12 Tips On How to Handle Difficult Parents | Special Education Teachers

Updated: 1 day ago


12 Tips for How to Handle Difficult Parents | Special Education Teachers

As a special education teacher, you will likely encounter aggressive and difficult parents during your career. It is important to be prepared for these situations and know how to defuse conflict best and communicate with parents. This blog post will discuss the challenges that can arise with difficult parents and provide tips for resolving conflict and communicating effectively.


Never let a parent bring you to anger, always be professional.

Covered in this article:

  1. What can make parents difficult to work with in special education

  2. How to defuse conflict with difficult parents

  3. 3 tips for building teacher-to-parent rapport

  4. Tips for effective communication with difficult parents

  5. 10 tips for communicating with difficult parents

  6. Additional resources for special education teachers dealing with difficult parents.

What Can Make Parents Difficult to Work Within Special Education


Parents of special education students can be difficult to work with for various reasons. They may feel overwhelmed by their child's needs, frustrated with the school system, or simply not understand what is happening. As a result, they may take out their frustrations on you as the teacher. It is important to remember that these parents are likely just trying to do what is best for their child and that you can help them by being understanding and providing resources.


How to Defuse Conflict with Difficult Parents


You can do a few things to defuse conflict with parents. First, try to build a rapport with them from the beginning. Get to know them and their child so you can better understand their perspective. In addition, be clear and concise when communicating with parents. They may be overwhelmed with information, so give them the most important information upfront. Finally, be prepared to listen and address their concerns calmly and respectfully.


3 Tips For Building Teacher-to-Parent Rapport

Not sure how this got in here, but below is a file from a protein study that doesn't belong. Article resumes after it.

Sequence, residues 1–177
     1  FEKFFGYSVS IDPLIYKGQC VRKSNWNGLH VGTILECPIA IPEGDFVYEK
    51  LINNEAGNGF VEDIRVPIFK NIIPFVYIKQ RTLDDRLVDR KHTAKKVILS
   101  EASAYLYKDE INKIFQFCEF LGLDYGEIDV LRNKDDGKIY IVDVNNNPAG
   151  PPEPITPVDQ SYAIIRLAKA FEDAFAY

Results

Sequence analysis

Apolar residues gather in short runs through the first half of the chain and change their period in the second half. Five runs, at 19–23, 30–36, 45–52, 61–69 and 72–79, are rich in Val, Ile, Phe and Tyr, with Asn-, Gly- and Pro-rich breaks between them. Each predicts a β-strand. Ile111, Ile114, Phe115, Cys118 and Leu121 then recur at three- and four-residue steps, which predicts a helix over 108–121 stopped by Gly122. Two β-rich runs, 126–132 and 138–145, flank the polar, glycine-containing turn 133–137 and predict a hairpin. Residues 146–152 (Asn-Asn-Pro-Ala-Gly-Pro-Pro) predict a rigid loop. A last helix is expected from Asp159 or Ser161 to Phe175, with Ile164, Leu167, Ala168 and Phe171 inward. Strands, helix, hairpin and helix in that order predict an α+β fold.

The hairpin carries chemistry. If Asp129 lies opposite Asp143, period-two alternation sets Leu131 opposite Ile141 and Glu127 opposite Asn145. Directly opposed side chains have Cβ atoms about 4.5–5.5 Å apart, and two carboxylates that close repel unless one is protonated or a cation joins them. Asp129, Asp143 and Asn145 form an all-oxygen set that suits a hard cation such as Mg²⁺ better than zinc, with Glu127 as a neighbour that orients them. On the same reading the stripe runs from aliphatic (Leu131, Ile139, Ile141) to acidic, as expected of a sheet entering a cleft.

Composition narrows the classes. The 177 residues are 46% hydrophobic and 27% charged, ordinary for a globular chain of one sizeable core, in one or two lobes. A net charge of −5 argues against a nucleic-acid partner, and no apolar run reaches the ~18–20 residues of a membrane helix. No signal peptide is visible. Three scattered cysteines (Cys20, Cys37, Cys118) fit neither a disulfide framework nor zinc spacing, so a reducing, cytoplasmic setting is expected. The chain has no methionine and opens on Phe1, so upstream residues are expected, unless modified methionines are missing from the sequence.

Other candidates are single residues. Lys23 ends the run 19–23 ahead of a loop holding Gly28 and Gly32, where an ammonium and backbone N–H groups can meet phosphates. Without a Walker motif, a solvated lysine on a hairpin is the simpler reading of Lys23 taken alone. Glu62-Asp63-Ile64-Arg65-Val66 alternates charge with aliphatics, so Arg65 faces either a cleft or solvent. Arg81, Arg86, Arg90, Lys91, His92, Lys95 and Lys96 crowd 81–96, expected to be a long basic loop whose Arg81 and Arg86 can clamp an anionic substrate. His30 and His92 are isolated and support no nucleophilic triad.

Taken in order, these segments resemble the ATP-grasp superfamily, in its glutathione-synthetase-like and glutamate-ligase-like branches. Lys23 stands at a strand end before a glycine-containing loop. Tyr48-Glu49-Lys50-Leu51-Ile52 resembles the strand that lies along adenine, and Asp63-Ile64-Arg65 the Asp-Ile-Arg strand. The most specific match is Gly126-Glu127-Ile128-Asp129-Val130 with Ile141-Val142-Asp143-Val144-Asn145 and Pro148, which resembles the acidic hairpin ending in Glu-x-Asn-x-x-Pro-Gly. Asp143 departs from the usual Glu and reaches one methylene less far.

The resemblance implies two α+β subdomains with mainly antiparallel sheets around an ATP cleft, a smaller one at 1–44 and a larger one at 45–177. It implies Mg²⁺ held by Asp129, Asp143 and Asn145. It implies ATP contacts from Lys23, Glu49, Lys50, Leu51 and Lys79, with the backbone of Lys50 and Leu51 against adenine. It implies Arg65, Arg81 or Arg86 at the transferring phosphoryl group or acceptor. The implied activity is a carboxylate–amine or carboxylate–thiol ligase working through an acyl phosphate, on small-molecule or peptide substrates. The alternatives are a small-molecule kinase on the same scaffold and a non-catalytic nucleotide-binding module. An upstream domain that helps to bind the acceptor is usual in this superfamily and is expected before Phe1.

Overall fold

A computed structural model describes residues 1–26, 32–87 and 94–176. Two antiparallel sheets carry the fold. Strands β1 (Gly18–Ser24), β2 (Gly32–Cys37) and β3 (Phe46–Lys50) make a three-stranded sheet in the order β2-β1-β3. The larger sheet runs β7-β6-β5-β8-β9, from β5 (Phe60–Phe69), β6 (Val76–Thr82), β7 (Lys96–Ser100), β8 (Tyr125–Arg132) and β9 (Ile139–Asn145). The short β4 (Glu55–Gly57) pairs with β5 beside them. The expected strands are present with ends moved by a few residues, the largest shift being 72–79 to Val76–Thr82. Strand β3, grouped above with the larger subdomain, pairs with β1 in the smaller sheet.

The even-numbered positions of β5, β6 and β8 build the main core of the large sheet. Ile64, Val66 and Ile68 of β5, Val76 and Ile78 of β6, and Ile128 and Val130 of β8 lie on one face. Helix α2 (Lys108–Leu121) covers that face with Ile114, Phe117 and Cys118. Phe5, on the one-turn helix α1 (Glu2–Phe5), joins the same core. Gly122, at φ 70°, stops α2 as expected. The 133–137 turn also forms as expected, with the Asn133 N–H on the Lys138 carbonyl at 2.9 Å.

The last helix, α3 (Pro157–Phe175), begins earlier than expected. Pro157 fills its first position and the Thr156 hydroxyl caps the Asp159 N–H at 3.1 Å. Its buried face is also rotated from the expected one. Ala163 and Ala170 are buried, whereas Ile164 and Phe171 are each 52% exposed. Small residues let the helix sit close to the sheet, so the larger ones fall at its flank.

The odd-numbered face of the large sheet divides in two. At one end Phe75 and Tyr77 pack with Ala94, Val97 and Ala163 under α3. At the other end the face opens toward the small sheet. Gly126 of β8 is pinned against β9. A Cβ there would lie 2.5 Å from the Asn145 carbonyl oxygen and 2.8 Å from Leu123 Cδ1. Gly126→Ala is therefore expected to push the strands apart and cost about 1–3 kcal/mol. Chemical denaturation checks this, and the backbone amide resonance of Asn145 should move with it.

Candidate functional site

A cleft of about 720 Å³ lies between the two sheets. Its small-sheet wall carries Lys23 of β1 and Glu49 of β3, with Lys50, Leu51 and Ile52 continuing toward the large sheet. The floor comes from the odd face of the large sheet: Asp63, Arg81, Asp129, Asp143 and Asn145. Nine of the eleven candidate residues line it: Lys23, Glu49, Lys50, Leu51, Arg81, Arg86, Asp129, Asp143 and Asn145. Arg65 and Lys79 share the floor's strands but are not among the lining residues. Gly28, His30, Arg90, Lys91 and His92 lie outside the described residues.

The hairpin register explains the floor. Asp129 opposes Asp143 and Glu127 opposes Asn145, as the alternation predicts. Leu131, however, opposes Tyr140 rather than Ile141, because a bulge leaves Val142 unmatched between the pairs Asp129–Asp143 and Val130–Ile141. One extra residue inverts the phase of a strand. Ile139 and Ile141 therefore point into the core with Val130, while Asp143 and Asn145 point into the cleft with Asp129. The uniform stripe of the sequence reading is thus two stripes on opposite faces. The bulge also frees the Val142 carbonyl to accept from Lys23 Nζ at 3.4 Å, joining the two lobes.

• Be genuine in your interactions with parents. Take an interest in their child and get to know them as a person.

  • Show that you are invested in their child's success. Parents need to know that you care about their children and are working hard to help them succeed.

  • Be available to answer questions and address concerns. Parents will appreciate your openness and willingness to communicate with them.

Effective Communication With Difficult Parents


You can also follow a few tips to ensure effective communication with parents. First, always be professional and courteous, even if the parent is not. Second, avoid using jargon or acronyms that the parent may not understand. Third, keep your cool at all times and refrain from arguing with the parent. And fourth, remember that you are on the same team as the parent – you both want what is best for the child.


10 Tips For Communicating With Difficult Parents

  1. Be Professional: Always remain calm and professional when communicating with parents.

  2. Avoid Arguing: It's important to avoid getting into an argument with a parent. Remain calm and try to see their perspective.

  3. Be Clear and Concise: When communicating with difficult parents, it's important to be clear and concise. Get to the point and avoid using too much technical jargon.

  4. Listen: One of the best ways to communicate effectively with parents is to simply listen to them. Let them share their concerns and really try to understand where they're coming from.